Scott Prouty, 47 Percent Cameraman, Owes Thousands of Dollars and Sold Alcohol to a Minor
Scott Prouty, who changed the entire context of the 2012 presidential elections when he clandestinely videotaped Mitt Romney being Mitt Romney, has a few hiccups in his past.
Let's not exaggerate the infractions. But still, interesting to note.
Prouty -- who today lives in a swank condominium high-rise overlooking the ocean in Hollywood -- owes $15,396 in unpaid taxes from 2000 and 2002.
Prouty, who for one day, at least, was the most famous bartender in the United States, also once sold alcohol to a minor, according to court records.
While speaking with Ed Schultz on MSNBC two nights ago, Prouty fretted that the "radical right" was going to come after him and dig up all sorts of scurrilous truths from his past. So far, however, no one's had too much luck.
Nearly 1,000 articles materialized about Prouty yesterday -- but most everyone said, Gee, what a swell guy.
"He's always been a good kid," stepmother Ann Marie Prouty of Braintree, Massachusetts, told New Times yesterday. "We never had any idea this would happen."
Several months ago, when we did a 1,500-word piece on the 47 percent video and emailed back and forth with Prouty -- who was then using the pseudonym "Anne Onymous" -- he told us he didn't want to talk because he was worried about potential lawsuits.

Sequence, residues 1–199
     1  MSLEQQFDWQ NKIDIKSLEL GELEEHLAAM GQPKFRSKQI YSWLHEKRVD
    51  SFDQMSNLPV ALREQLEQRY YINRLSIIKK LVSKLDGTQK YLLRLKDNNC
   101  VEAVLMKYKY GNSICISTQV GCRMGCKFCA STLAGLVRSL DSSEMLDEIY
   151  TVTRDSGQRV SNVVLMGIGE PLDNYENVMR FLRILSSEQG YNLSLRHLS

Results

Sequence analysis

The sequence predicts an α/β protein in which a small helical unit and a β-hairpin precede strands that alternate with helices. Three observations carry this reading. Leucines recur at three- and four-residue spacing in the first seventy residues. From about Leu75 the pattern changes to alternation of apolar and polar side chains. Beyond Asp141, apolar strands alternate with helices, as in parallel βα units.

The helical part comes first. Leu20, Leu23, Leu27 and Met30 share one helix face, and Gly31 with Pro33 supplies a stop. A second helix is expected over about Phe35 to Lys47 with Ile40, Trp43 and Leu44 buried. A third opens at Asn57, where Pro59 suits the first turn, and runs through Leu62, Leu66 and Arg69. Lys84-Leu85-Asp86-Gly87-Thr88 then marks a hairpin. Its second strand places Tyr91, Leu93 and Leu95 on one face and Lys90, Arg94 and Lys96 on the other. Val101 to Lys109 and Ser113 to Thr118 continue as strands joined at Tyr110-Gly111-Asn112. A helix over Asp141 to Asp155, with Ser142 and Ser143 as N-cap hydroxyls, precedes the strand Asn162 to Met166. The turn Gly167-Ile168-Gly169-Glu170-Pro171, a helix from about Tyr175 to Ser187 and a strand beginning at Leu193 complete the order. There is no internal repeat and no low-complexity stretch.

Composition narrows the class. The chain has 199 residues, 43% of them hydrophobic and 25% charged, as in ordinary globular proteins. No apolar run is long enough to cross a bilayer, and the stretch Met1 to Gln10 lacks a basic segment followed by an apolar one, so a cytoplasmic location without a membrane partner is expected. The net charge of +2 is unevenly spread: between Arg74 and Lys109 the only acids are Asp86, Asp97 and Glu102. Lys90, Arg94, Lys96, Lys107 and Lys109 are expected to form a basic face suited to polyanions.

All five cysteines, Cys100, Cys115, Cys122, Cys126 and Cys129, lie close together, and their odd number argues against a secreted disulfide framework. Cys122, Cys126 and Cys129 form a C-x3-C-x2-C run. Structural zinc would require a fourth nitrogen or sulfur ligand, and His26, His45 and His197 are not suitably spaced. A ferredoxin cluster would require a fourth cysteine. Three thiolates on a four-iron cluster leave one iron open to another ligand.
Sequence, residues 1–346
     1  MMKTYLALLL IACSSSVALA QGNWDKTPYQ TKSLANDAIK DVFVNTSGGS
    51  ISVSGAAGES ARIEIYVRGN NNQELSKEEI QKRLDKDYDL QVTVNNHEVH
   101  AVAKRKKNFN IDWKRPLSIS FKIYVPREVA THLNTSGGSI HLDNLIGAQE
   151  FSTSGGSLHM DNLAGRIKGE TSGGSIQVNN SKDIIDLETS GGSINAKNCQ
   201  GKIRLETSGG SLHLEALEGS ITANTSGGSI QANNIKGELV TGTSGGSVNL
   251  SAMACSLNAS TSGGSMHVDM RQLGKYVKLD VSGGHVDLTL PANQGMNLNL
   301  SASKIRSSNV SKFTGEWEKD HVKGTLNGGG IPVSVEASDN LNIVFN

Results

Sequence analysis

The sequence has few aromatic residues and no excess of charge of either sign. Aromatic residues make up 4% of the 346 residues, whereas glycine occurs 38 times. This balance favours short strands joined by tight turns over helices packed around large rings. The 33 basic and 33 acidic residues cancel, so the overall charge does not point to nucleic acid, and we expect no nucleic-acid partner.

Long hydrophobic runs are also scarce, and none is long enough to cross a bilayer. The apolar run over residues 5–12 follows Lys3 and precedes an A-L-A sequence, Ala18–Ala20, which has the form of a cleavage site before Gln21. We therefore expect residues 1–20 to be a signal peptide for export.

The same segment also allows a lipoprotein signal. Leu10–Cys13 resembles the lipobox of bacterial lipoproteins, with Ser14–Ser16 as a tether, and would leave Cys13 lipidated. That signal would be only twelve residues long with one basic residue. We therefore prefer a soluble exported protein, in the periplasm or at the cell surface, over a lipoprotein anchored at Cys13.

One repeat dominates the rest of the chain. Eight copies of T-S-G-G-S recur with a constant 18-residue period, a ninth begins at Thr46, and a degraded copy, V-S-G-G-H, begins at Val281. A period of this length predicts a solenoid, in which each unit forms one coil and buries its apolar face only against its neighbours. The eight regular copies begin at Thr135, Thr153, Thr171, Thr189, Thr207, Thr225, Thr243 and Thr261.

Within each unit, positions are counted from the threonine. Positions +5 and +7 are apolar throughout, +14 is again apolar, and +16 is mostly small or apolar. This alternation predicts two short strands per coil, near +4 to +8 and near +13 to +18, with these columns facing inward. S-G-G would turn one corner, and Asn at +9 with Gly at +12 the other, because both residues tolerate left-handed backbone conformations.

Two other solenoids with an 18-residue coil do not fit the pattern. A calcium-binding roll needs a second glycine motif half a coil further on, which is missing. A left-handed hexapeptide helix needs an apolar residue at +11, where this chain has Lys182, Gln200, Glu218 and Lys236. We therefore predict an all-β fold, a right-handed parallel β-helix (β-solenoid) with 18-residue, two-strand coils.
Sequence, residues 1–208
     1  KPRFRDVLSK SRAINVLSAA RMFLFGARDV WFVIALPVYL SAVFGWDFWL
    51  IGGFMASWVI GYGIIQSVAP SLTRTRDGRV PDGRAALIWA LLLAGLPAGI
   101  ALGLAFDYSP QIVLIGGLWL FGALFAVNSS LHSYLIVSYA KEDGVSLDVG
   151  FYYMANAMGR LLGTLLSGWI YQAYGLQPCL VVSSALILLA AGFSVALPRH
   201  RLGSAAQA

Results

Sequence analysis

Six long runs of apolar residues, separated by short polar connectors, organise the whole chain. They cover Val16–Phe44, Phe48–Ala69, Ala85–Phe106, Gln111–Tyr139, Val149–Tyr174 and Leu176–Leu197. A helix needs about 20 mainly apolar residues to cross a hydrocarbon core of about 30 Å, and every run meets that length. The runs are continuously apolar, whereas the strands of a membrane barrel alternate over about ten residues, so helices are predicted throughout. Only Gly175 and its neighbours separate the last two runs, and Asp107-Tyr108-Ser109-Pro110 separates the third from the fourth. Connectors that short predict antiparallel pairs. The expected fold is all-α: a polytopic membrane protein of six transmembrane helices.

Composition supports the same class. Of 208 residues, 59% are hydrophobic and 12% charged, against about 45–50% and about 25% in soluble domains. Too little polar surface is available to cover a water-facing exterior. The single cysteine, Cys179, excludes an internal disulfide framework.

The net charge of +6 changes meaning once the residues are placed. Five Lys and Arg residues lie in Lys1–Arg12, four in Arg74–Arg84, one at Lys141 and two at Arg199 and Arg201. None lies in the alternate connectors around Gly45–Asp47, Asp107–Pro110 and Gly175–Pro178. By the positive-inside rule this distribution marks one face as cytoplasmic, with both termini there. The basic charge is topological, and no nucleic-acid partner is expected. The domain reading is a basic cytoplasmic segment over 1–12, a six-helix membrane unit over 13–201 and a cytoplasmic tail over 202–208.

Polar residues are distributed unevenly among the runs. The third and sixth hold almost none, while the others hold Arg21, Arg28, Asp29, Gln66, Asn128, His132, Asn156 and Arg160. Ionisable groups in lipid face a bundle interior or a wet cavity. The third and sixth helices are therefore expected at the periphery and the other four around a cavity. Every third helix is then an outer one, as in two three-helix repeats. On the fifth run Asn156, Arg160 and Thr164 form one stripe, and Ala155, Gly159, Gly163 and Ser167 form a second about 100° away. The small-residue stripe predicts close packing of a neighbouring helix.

This was a justifiable concern. Under state law, it's illegal to surreptitiously record someone without their permission, which is exactly what Prouty did. But now, according to father Ken Prouty, concerns over potential lawsuits have dissipated. "No one has tried to sue him yet," Ken Prouty said.
There is, however, one mystery that lingers.
For months, Scott Prouty has dispatched tweets and other social media to highlight Romney's alleged disinterest in the plight of sweatshop workers. Then, and now, it's unclear why Prouty, a white blue-collar bartender from Boston, would choose this issue to obsess over.
"Scott cares about sweatshops because he's a decent human being," Prouty's dad said. "He cares about his fellow man despite what color they are or nationality they are.
"He also loves animals."
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